Suspension for Facial Paralysis Updated: Oct 26, 2018 Author: Suzanne K Doud Galli, MD, PhD; Chief Editor: Arlen D Meyers, MD, MBA Share Email Print Feedback Close Sections Sections Static Suspension for Facial Paralysis Overview Background The mimetic muscles direct facial movements. Under the control of the seventh cranial nerve (CN VII), the movement of these muscles correlates with the communication of human thought, emotion, and expression. Loss of this capacity is disfiguring and dysfunctional (...) include the extensor digitorum brevis, gracilis, latissimus dorsi, pectoralis minor, and serratus anterior. The advantage of free muscle transfer over regional muscle transfer has not been established. Previous Next: Etiology The various etiologies of facial paralysis can be classified into 3 major groups, ie, intracranial, intratemporal, and extracranial (see Relevant Anatomy). Regardless of the cause, the importance of establishing the degree and duration of weakness when evaluating a patient must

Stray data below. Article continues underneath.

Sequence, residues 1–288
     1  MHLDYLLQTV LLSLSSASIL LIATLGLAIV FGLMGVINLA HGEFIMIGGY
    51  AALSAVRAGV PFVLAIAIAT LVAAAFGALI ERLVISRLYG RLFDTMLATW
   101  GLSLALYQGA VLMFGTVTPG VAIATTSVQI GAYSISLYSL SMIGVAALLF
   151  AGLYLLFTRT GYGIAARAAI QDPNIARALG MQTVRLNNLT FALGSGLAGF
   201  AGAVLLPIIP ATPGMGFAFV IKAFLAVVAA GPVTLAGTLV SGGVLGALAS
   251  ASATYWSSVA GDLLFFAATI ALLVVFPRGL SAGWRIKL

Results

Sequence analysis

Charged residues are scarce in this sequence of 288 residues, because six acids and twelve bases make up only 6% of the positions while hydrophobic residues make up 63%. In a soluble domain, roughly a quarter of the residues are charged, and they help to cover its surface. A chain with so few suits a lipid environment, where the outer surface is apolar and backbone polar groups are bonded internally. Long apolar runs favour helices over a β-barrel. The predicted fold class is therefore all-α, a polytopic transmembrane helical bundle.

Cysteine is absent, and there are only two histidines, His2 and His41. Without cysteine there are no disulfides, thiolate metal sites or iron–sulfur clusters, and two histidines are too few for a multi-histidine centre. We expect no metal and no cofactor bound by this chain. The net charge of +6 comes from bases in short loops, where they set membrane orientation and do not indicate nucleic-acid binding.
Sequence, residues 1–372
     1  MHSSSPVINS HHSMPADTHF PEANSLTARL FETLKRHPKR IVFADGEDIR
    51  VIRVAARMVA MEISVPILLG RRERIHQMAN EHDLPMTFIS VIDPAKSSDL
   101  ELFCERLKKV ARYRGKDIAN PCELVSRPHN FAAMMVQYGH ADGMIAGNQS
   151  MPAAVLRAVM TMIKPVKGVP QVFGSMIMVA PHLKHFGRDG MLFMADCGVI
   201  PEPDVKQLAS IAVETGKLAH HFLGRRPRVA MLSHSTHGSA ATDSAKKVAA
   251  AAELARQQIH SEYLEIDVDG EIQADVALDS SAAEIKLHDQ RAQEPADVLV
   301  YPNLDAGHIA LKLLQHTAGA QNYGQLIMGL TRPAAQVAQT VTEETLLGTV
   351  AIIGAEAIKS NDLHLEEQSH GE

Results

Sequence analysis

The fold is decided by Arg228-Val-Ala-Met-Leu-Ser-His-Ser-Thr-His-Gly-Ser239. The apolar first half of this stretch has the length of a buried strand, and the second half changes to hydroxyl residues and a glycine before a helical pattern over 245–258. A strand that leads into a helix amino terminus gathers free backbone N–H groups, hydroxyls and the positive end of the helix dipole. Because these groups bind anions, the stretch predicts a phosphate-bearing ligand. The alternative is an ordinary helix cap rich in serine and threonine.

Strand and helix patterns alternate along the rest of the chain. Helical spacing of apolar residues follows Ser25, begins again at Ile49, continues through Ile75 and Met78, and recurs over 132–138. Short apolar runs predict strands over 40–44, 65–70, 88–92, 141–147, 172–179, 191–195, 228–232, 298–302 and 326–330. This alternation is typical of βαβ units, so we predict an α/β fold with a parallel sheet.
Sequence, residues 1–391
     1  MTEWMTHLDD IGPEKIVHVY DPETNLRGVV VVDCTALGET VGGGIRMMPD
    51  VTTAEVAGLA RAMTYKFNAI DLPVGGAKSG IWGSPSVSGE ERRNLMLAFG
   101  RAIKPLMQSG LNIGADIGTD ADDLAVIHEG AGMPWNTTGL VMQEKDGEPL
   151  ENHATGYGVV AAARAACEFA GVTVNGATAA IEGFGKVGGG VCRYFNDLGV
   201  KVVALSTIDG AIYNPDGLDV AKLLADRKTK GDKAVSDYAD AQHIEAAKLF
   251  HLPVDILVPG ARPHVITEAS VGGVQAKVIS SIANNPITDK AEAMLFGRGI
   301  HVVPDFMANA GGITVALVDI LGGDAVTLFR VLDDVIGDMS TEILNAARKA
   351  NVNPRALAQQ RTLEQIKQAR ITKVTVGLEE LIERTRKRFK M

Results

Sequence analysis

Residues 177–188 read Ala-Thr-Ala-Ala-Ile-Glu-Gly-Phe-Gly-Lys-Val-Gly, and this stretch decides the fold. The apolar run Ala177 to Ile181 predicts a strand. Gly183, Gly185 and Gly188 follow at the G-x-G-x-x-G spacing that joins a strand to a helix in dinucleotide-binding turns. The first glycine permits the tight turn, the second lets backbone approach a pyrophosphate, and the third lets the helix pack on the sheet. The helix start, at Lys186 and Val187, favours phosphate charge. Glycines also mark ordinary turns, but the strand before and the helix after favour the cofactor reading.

2014 eMedicine Surgery

54. Dynamic Reanimation for Facial Paralysis

> Dynamic Reanimation for Facial Paralysis Updated: Jan 09, 2019 Author: Steven M Parnes, MD; Chief Editor: Arlen D Meyers, MD, MBA Share Email Print Feedback Close Sections Sections Dynamic Reanimation for Facial Paralysis Overview Background Facial paralysis can be a consequence of traumatic facial nerve injury, iatrogenic causes, malignancy, congenital syndromes, and viral infections. Prolonged paralysis can result in ocular complications, articulation difficulties, impaired feeding, and difficulty (...) in conveying emotion through expressive movement. Numerous reanimation techniques are available to restore function and are based on the cause of the facial paralysis, type of injury, its location, and the anticipated duration. These methods are broadly classified into 4 types as follows: (1) neural methods, (2) musculofascial transpositions, (3) microneurovascular transfer (4) facial plastic procedures, and (5) prosthetics. The most desirable procedures to reestablish the mimetic control of the face

2014 eMedicine Surgery

55. Validation of a French-language Version of Quality of Life Questionnaires in Patients With Peripheral Facial Palsy